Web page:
Mum fears four-year-old daughter could die after becoming addicted to eating CARPETS

March 13, 2014 | by | 0 Comments

A mum told today how she fears her daughter will die after she became addicted — to eating CARPETS.

Charlotte Cook, four, suffers from autism and an extremely rare disorder called Pica which makes her want to eat fabric items.

She regularly chews on sofas, carpets and cuddly toys to satisfy her bizarre cravings.

Doctors have been unable to treat the disorder and worried mum Nikki claims the family are not getting any support.

Nikki, 42,said: “My biggest worry is that it will get clogged up somewhere and kill her.

“It’s like an addiction. She has to do it.

“The sofas cost £2,700 but Charlotte has ruined them all, along with the scatter cushions.

“She picks the fabric out with her teeth and swallows it.

“She has started chewing the arm of the sofa and her cuddly toys as well – which she needs to have or else she has a massive meltdown.

“She also tries to eat the TV remote and her car seat.

“The problem is she doesn’t realise she is doing it. We feel so alone with this.”

Nikki and husband Alasdair were stunned after Charlotte began eating carpets in the family home when she was just one year old.

Around the same time, the toddler started to show the first signs of autism.

Nikki, from Lesmahagow, Lanarkshire, said: “We always knew that something wasn’t quite right with Charlotte.

“We had a big green rug in the front room and when she was a year old she started eating it.

“I told the health visitor about it and she said to take the rug out of the room.

“We thought that would be the end of it but she gradually started doing it with the carpet in her own room.

“Then she started going into her sister’s room and doing it there. Around October last year, she started with the sofas.”

Experts have struggled to find a solution to the unusual problem, leaving Nikki and Alasdair to fear for the health of their little girl.

One expert suggested removing all fabric items from the house – an option which family can’t afford.

Nikki, who works as a self-employed sports therapist, said: “We have tried all types of things – such as putting cherry powder on the sofa – but they just don’t work.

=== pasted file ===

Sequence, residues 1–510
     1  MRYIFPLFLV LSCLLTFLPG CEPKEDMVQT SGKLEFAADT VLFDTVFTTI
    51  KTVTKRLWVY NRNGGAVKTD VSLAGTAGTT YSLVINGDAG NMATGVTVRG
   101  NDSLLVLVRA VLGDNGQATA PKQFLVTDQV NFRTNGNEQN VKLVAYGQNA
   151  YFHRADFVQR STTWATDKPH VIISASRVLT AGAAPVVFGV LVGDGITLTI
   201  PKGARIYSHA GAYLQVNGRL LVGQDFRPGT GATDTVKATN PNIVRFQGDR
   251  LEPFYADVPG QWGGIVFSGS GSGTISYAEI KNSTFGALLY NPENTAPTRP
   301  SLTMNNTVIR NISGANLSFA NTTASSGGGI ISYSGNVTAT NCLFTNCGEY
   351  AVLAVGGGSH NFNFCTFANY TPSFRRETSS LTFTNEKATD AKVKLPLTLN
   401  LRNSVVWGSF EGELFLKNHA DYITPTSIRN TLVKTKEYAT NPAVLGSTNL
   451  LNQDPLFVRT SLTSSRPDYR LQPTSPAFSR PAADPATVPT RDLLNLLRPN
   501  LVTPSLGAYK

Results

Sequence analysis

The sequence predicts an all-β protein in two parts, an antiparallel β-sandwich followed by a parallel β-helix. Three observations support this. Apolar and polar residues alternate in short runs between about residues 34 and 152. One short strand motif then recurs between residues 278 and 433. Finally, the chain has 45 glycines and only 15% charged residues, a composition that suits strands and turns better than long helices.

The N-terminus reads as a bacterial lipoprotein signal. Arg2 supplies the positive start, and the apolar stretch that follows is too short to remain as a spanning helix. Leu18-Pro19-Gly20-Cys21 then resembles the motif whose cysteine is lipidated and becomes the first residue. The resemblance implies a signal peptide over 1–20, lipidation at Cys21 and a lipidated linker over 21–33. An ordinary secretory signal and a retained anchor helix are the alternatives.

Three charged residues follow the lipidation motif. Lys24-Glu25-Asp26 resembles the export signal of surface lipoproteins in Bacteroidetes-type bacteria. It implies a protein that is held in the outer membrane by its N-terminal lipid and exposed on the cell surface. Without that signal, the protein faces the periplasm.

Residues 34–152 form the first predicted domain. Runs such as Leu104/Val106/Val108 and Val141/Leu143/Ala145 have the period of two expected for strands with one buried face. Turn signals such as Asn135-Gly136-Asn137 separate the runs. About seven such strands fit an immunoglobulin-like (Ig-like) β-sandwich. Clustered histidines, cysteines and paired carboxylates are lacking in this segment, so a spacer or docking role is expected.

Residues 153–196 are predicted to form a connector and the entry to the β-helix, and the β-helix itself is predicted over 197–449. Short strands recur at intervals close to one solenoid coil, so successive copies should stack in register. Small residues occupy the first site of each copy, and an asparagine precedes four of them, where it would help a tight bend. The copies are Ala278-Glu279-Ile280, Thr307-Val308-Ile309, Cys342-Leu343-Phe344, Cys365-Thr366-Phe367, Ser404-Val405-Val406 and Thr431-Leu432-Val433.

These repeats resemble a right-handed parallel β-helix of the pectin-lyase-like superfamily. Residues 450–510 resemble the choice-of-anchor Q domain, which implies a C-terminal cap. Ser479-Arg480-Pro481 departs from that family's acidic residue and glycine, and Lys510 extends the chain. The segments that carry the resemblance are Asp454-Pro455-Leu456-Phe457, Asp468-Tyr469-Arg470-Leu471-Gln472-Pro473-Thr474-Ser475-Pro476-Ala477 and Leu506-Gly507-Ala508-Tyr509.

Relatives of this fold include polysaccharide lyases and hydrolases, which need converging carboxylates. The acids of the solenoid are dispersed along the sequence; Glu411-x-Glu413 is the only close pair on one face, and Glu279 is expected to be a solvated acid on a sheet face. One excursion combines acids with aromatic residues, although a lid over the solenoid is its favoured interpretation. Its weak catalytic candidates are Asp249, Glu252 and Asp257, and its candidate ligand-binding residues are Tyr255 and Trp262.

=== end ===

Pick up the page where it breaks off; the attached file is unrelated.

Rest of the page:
“We have told her calmly that she can’t do it or she will be sick but that has no effect. We have tried everything.

“She sees an occupational therapist regularly which helps with her sensory needs.

“She came out to the house and saw what Charlotte has done. She advised us to remove all the carpets and fabric sofas.

“I don’t know what the answer is.  There is no magic wand.

“All the doctors have told us is that if she gets a high temperature or goes limp to take her straight to A&E. That’s what we are dealing with on a daily basis.

“I can’t begin to explain how much of a worry it is.”

Pica is characterized by an appetite for substances largely non-nutritive, such as ice, clay, chalk, materials, dirt, or sand.

It affects around 30 per cent of children with autism and can cause choking, digestive problems and parasitic infections.

Experts say it can be caused by a mineral or iron deficiency but it is also classed as a mental disorder.

The family are now trying to raise awareness of the condition in the hope of finding a way to help Charlotte.

Nikki, who is also mum to Evelyn, six, added: “Alasdair and I work hard but there is no help out there.

“We can’t afford to replace the sofas or the carpet because there’s no assistance for working parents.

“We want to make people aware of the condition because it is rarely publicised.

“Some people make me feel as if Charlotte is a freak but she is my daughter and I would do anything for her.”

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